Bilton independent candidate leans on business experience in mayor campaign
Apr 18, 2024

Bilton resident Paul Haslam believes his extensive business experience stands him in good stead to be Mayor of York and North Yorkshire.

The Bilton and Nidd Gorge councillor was the last of six candidates to throw their hat into the ring to be the inaugural mayor.

Standing as an independent, Mr Haslam has centred his campaign around the economy and emphasised his business experience as his credentials.

Born in Lancashire before moving to Harrogate in 2006, he spent his career working for various businesses in retail management including New Look and Poundstretcher.

Mr Haslam set up his own consultancy firm, which specialises in areas such as change management, the circular economy and mergers and acquisitions. His clients have included Adidas and national supermarkets.

He was also chief executive of Leyland SDM, a London-based decorators’ merchants, which he helped to sell to Grafton Group in February 2018.

During an interview with the Stray Ferret, Mr Haslam pointed to this as an example of the experience he feels the mayor needs.

He said:

“One key things about this role is bringing private finance into York and North Yorkshire. The other thing that you have got to look at is what business clusters you are bringing in.”

Paul Haslam

Paul Haslam

Mr Haslam said the mayor needs to be able to help grow the economy and attract businesses to the county.

One area of business that has been of interest to him is food security. He said as mayor he would promote farms, food production and sectors such as agri-tech.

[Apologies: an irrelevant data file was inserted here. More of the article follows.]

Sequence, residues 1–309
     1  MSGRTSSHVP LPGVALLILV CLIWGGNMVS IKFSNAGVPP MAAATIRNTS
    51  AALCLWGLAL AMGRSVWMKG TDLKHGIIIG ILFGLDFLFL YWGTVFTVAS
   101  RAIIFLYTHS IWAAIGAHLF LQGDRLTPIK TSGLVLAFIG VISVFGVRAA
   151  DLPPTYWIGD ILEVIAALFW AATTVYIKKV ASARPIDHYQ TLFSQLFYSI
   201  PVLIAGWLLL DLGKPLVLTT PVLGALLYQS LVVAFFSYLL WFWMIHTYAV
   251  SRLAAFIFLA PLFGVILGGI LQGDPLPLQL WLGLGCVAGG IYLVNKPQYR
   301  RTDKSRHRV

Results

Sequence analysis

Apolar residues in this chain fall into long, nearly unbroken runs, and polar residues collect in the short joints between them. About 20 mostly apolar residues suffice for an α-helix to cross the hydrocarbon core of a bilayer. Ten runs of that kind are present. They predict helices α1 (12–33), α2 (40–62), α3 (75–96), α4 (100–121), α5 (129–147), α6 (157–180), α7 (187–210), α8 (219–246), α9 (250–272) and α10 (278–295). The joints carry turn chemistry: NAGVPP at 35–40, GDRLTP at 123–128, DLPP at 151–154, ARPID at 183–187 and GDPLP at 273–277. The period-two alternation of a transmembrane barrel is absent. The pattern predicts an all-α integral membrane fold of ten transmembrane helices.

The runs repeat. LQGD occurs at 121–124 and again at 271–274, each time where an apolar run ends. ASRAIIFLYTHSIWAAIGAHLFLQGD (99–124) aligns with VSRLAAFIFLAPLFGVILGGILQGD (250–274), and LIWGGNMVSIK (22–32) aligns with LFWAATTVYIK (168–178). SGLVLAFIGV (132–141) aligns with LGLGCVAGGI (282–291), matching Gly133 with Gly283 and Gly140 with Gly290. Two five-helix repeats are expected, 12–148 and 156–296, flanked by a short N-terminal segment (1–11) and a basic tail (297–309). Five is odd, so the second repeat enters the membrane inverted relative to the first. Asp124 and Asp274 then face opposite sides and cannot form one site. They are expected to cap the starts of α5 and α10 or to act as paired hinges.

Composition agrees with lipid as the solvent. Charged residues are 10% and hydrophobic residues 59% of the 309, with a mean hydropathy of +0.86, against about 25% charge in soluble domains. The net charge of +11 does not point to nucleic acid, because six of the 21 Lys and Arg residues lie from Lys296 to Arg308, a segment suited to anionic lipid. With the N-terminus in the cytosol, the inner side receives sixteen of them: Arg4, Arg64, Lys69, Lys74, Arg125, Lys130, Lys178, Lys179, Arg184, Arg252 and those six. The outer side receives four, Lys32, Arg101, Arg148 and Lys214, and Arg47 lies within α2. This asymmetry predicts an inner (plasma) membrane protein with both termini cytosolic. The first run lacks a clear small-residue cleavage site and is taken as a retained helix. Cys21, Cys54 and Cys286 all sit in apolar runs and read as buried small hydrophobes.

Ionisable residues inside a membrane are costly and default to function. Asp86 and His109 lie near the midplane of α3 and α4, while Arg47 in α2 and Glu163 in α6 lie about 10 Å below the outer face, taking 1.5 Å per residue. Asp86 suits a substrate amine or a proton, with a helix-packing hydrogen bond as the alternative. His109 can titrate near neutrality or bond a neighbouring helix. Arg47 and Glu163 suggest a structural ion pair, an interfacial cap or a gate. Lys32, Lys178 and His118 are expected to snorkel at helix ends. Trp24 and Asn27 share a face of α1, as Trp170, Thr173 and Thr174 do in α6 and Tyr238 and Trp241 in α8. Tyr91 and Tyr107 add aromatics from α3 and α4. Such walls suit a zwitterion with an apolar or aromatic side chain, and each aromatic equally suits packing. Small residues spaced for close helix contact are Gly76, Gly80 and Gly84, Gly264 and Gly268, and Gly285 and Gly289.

The topic has been included in his online manifesto, which includes pledges on affordable housing, tourism and adult education and skills.

He has also identified public transport as an area that he feels needs to be tackled.

One of the policies he has proposed is a single ticket for travel across North Yorkshire. As chair of Transport for the North’s scrutiny committee, he says he has pushed for such a ticket for five years:

“We have got to have this frictionless way of getting through.

“One of the other things is because we have different operators doing different things, compared to London it can make it up to four times more expensive to get the same distance here than it does in London because you’re changing operators.

“You can bring the cost of the tickets down by just having one ticket that goes right through.”

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Mr Haslam has also been a keen proponent of introducing new railway stations in areas such as Claro Road. He says the station would be a similar size to Hornbeam Park and would help to ease car journeys during rush hour.

Mr Haslam admits the scheme would be expensive, but believes it would be good value for money.

He said:

“It’s not just about putting a train station there, you’ve got to look at what it is going to do to Skipton Road for example.

“A lot of the people that live around Claro Road, whether it’s the Kingsley side or the Woodfield and Bilton side, actually work in Leeds every day. We have to accept that every day there is a mass exodus south out of Harrogate down to Leeds where people work.

“If you could get on the train there, you could go straight to work in Leeds.”

‘A step change’

Last month, Mr Haslam resigned the Conservative whip to stand for mayor.

As part of his campaign literature, he says that as an independent mayor he would be “free from party shackles”.

However, he faces the prospect of campaigning against established parties on the election trail.

When pressed on why specifically he decided to stand for mayor, he said he felt the role offered an opportunity for “a step change” in North Yorkshire:

“There are five other very capable candidates going for this role, but what I want to make sure is that all the things that I think are important get out there and see the light of day.

“Even if I’m not the one who implements those ideas at the end of the day, those ideas are out there.”

The York and North Yorkshire mayor will be chosen by residents of the region in an election on Thursday, May 2, 2024.

The full list of candidates is:

  • Keith Tordoff, independent
  • Felicity Cunliffe-Lister, Liberal Democrats
  • Keane Duncan, Conservative Party
  • David Skaith, Labour Party
  • Kevin Foster, Green Party
  • Paul Haslam, independent